While it’s tempting to try your hand at an external wall insulation DIY project, this type of insulation isn’t suitable for installation by anybody other than a professional, unless you have previous experience with projects just like this one.
Instead, search online for a qualified professional installer with previous experience of solid brick wall insulation installations and the reviews to show for it.
Whichever type of insulation you opt for – whether it’s inside insulation, external insulation, or loft insulation – you shouldn’t go ahead if damp and condensation are present in the area.
There’s a complicated relationship between external wall insulation and damp that should be considered before going ahead with insulation. Before cavity walls were introduced, solid brick walls tended to be impermeable walls that stop moisture penetration. Many insulation materials are non-permeable and clad to prevent rainwater penetration.
They can’t, however, prevent moisture from the inside of the home from reaching the wall, so more ventilation is needed to remove moisture from the air before it reaches the walls.
The air’s dew point is the point at which air meets a temperature that causes the moisture to condense into water. The temperature through a wall changes as the air moves from the external temperature to the internal temperature.
If the wall doesn’t have a ventilated cavity, the dew point should occur on the external surface. Adding insulation, however, can change the dew point of the air that enters through your wall.
External insulation heats your wall, which moves the dew point towards the cooler, external air, reducing the risk of condensation. Unfortunately, in some cases, the dew point occurs between the insulation and the wall or in the insulation itself, causing condensation.
When left unchecked, condensation can lead to long-term issues such as damp and mould. To avoid this happening, install a vapour barrier between the wall and the insulation. Ask your supplier for more information.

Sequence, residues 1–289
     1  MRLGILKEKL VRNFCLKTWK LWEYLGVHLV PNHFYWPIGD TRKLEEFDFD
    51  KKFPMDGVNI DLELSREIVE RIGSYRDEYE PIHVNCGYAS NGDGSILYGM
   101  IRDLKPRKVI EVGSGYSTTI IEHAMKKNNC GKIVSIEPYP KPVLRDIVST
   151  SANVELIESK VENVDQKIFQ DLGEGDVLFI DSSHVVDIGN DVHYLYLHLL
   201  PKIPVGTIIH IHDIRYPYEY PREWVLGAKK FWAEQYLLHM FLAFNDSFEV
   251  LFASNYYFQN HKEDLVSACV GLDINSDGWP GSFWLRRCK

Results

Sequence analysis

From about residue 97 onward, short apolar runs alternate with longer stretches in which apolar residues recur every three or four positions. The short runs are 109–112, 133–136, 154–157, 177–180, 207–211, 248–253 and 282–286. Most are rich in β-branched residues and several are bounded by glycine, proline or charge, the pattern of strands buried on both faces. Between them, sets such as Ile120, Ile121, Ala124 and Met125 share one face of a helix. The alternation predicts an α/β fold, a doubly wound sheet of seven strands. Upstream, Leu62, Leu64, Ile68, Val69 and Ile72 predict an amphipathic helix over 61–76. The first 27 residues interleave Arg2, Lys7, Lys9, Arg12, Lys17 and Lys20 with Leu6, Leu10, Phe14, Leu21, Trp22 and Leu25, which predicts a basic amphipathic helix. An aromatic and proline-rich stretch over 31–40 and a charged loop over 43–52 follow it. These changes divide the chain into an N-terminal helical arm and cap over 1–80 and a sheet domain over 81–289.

No matter how you install external wall insulation, the simple fact is it will change the external appearance of your property. In many cases, that change requires planning permission from your local authority.
This is especially important if your property is a listed building or within a conservation area, and in this case, your local council might refuse to give consent.
There are no two ways about it; external insulation isn’t cheap. If you’re working to a tight budget, however, and want to save some money on typical installation costs, here are some tips.
If exterior wall insulation isn’t financially feasible for you, but you want the benefits that come with installing insulation, try a different type, such as loft insulation. Loft insulation tends to be cheaper and will also help to keep your home cooler in the same, warmer in the winter, and more environmentally friendly all year round.
If you have solid walls in your home and you’re looking for a way to save costs and the planet at the same time, external wall insulation offers an excellent solution. There are, however, some things to consider before you go ahead.
If you work with the right professional, they’ll be able to let you know whether your home is suitable for external wall insulation and whether it’s likely to cause any problems with damp, for example.
Remember to ask whether you need planning permission from your local authority before starting a project. Failing to do so can have costly consequences, especially if you live in a listed property.
If you’ve decided to go ahead with wall insulation, we can help by introducing you to trusted installers who can advise you on the best wall insulation option for your home and then provide you with a highly competitive quote. By using our recommended insulation installers will provide you with full peace of mind that the insulation job you have done will be completed to the highest standards, providing you with energy bill savings for many years to come.